COMPLEX cancer surgery outcomes at Ballarat Health Services Base Hospital and St John of God Hospital have achieved results comparable to larger hospitals in Australia, Europe and the United States, surgeons have heard.
BHS registrar Dr Jayson Moloney, who made the findings, presented them at the Provincial Surgeons of Australia Conference earlier this month in Mt Gambier.
Dr Moloney said he hoped it would stimulate further discussion on the capacity of regional hospitals to provide complex surgery.
He examined the results of a type of surgery called the “whipple operation” in which part, or all, of the pancreas is removed, usually with sections of stomach and small intestine.
He said conventional thinking was that surgery such as the whipple operation should be carried out at larger hospitals where the procedure was performed many times each year.
But much of the medical literature covering surgery, such as a whipple operation, includes only data from larger hospitals.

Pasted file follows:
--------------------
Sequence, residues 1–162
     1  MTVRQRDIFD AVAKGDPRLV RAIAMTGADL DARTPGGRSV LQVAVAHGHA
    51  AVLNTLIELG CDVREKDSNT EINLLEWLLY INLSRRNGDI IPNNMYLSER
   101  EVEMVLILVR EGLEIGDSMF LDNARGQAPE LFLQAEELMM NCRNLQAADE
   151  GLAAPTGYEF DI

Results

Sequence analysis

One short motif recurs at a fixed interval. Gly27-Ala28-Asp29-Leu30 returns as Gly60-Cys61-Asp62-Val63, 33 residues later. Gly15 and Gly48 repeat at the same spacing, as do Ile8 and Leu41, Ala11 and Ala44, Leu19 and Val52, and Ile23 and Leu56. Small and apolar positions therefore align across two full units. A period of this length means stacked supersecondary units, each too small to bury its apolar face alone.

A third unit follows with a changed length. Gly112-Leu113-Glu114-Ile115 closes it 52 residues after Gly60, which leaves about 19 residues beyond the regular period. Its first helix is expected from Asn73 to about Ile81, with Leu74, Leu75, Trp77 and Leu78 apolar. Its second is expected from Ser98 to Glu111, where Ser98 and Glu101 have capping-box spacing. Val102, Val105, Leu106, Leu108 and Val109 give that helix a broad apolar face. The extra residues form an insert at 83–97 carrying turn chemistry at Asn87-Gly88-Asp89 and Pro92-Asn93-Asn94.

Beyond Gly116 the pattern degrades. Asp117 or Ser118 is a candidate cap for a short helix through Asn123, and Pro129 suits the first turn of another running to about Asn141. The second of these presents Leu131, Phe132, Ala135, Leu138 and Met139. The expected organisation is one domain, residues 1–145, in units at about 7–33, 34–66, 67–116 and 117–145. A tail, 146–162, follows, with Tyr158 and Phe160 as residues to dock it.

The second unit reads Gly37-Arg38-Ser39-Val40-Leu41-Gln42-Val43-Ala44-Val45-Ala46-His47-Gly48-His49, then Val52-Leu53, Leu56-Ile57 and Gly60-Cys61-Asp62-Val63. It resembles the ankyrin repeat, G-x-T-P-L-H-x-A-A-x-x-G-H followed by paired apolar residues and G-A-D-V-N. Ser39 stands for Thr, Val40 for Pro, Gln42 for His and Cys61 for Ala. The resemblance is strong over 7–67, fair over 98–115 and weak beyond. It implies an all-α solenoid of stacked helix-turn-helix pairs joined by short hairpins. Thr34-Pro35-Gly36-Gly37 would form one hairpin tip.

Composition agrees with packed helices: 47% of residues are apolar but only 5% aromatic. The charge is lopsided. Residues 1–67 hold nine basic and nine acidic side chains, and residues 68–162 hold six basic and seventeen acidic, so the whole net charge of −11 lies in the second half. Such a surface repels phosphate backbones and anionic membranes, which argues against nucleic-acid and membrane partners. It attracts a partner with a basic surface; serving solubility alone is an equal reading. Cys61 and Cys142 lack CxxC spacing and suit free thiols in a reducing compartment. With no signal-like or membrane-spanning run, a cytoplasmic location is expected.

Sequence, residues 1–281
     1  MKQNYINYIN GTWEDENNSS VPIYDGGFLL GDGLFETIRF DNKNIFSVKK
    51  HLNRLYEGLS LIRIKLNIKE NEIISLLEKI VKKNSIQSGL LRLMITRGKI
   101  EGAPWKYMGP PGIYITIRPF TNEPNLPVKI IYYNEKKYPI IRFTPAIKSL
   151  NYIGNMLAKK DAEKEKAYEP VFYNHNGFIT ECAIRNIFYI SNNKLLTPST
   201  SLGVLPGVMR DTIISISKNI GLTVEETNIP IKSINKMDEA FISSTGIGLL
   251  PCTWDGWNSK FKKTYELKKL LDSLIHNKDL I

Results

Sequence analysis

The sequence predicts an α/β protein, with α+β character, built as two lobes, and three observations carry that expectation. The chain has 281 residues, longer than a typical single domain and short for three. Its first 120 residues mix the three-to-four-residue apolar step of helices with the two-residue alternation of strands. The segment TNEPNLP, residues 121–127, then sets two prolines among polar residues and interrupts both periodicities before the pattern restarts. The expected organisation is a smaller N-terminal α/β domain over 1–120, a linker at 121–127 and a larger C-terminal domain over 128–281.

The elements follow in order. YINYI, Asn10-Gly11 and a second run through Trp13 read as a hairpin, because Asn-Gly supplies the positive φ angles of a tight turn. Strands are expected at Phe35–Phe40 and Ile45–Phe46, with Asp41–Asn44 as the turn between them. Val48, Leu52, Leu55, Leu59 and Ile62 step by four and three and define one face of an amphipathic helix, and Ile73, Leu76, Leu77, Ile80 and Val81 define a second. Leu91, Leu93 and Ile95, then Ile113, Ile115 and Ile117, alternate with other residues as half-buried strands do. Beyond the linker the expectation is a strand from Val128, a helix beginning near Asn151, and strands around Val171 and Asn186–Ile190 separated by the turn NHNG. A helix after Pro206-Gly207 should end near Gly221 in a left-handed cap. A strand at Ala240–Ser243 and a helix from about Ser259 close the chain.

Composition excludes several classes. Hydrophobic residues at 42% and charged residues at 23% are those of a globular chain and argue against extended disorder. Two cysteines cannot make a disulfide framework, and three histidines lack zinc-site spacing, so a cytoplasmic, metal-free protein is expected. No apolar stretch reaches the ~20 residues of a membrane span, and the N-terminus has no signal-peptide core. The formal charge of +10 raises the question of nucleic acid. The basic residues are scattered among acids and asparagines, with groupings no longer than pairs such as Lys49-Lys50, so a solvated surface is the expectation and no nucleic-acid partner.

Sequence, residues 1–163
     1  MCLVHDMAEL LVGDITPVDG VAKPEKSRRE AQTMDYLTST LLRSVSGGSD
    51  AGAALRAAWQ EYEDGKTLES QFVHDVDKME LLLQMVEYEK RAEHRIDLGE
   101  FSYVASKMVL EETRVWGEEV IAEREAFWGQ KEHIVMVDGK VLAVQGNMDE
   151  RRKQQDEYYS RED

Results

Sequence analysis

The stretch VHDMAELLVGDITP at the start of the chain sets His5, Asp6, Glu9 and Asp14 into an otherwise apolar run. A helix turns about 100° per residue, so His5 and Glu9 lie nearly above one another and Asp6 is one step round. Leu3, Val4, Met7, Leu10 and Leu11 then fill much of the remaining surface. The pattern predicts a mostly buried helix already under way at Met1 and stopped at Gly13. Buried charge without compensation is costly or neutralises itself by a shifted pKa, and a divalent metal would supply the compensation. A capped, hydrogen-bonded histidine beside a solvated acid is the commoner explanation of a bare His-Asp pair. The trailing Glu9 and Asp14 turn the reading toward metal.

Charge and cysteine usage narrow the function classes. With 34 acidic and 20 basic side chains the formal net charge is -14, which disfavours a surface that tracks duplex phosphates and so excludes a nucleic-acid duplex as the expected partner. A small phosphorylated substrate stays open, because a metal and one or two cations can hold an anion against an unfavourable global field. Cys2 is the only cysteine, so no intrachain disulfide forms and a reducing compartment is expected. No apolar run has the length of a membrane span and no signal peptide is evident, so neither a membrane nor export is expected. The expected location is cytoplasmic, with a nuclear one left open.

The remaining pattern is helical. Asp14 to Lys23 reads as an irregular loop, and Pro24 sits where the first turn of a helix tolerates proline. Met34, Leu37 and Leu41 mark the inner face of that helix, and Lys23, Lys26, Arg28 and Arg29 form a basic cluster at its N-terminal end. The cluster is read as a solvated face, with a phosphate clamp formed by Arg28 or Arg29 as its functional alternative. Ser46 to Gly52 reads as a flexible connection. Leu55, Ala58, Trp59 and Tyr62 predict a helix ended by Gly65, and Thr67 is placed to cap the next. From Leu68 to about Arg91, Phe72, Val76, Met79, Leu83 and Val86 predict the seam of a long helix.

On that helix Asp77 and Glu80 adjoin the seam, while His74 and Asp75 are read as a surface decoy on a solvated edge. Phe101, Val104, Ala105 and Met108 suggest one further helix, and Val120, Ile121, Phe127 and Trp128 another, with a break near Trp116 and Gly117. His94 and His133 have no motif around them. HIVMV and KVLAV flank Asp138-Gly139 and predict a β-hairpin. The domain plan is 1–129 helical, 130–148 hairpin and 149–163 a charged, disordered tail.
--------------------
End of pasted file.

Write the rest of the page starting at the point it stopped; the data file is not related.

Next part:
Dr Moloney’s research covered a decade of data from the two Ballarat hospitals and examined the effectiveness of the cancer removal, patient mortality rate after 30 days and patient survival rates five years post-surgery.
“The number of patients who died in the 30 days following surgery was below the Victorian average and the percentage of patients who survived five years after surgery was comparable to other hospitals.”
Dr Moloney said the findings reflected well on the expertise of the surgeons, the quality of decision-making around when or whether to carry out the surgery and the effectiveness of post-operative care.
Dr Moloney plans to combine Ballarat’s figures with those of Geelong Hospital in order to obtain a more statistically significant picture of surgical outcomes in regional hospitals.